Most lost birds are hungry and thirsty. Water is necessary before all else. Since pigeons drink by suction, any water container should be at least 2.5 cm deep. The container should be heavy enough not to be knocked over. A half preserving jar is most suitable for this purpose although a dish, an old margarine tub, etc. can be used. A bird which has gone without water for a while is sometimes a bit less than itself. It may be so exhausted, it doesn't even realise that water is in front of it, especially if the water container you use is different from what it is familiar with. A trick is to trickle a few drops of water from on high into the container to make a splashing sound. When they hear that, most birds will invariably head to drink.


Pigeons are grain eaters. While park pigeons will eat bread, most domestic birds have been raised on a multi-grain mixture and have never seen a slice of it. In fact, they would likely ignore it as possible food. Instead of bread, you might try feeding them something else from around the house. Popcorn (maize), rice, split peas, barley, cage bird seed, etc., are all good first options to feed a lost bird with. If you have some soup mix available, this is a good substitute as this contains most of the grains that pigeons generally eat. THESE GRAINS SHOULD NOT BE COOKED OR POPPED BUT FED RAW. Water should also be provided since pigeons normally drink immediately after eating.

What should I keep it in?

Any container that a dog or cat can't get into will be fine. An old bird cage will hold the pigeon for a day or so with no problem, as will a cardboard box. A screen on top of such a box is better than simply closing the flaps since there will then be enough light for the bird to see to eat and drink plus provide plenty of ventilation. Once caught, the usually tired and hungry pigeon should be kept in a secure place away from cats etc.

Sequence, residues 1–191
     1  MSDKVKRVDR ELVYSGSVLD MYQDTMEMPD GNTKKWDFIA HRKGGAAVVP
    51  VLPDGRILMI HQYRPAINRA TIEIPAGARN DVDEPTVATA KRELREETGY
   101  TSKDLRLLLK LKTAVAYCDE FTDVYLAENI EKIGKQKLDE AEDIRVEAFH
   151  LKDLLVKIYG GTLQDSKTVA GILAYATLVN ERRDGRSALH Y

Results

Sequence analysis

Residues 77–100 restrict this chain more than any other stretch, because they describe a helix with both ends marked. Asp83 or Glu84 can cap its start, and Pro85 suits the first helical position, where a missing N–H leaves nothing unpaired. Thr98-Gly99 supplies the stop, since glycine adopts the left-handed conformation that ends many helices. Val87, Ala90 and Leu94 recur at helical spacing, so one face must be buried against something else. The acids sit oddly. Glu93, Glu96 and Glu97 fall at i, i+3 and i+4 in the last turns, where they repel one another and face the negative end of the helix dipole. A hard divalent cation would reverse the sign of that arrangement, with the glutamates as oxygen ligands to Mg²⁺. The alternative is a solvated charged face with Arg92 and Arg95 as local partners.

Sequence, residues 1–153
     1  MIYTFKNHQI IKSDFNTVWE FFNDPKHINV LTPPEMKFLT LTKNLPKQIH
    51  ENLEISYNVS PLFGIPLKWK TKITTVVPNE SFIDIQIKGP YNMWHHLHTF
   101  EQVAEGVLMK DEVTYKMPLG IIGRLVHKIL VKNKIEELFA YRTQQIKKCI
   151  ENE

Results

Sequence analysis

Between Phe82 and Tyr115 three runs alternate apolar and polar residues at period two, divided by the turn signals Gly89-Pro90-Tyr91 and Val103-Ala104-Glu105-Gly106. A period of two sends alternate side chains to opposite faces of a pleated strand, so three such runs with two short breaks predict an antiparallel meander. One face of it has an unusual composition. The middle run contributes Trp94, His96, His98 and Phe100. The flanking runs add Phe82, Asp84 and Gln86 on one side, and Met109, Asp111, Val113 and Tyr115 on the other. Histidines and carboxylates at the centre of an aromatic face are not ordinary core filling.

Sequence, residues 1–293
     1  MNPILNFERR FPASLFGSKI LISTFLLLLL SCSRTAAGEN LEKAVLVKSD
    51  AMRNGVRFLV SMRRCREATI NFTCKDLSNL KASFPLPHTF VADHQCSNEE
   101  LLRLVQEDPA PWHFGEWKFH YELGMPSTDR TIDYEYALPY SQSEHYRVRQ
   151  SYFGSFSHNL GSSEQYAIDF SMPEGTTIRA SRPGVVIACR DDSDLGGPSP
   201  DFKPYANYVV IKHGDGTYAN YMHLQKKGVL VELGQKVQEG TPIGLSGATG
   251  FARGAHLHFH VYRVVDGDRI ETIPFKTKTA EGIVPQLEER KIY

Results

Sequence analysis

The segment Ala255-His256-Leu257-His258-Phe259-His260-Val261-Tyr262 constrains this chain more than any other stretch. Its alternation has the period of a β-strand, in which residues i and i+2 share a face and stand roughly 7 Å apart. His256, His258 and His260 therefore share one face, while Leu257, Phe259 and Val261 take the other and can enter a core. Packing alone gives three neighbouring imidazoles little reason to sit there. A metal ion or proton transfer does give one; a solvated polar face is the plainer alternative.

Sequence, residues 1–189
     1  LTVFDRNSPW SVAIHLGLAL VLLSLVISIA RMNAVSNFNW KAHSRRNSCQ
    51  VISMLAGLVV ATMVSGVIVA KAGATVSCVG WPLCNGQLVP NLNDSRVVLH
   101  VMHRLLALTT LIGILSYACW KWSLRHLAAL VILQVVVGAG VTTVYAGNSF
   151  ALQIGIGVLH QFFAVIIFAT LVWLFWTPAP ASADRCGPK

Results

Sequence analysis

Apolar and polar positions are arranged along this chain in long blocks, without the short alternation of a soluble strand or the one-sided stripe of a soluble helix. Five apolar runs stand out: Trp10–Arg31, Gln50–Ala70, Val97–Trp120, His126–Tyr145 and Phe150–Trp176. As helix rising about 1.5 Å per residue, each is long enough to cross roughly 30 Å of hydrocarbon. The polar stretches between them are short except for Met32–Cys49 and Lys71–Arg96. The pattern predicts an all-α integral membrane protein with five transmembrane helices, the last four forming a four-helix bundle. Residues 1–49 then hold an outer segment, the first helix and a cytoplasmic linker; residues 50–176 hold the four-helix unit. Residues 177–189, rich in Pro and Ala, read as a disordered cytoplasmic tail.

Finding the bird's owner

Please report lost pigeons by sending us the details noted here. When reporting the found pigeon it is important to give all the details from the life ring of the bird. There will be a Club Code, Year, and Number, these are all needed to enable the owner to be traced and contacted. NEVER try to attach a note to the owner by rubber banding it to the bird's leg. This cuts off the leg's blood circulation and often leads to gangrene and amputation of the limb.


REPORT LOST PIGEONS BY SENDING AN EMAIL TO This email address is being protected from spambots. You need JavaScript enabled to view it.


Please include the following in your email:


  • Your Name
  • Your Phone Number
  • Your Street Address including Town/City
  • Pigeon Ring Details (see above - please advise Club Code, Year and Number on ring)
  • Details of condition of bird


Non-homing pigeons

There are more than 200 breeds of pigeon. Some fly very well, some don't. Those which carry a life ring can usually be tracked to the owner.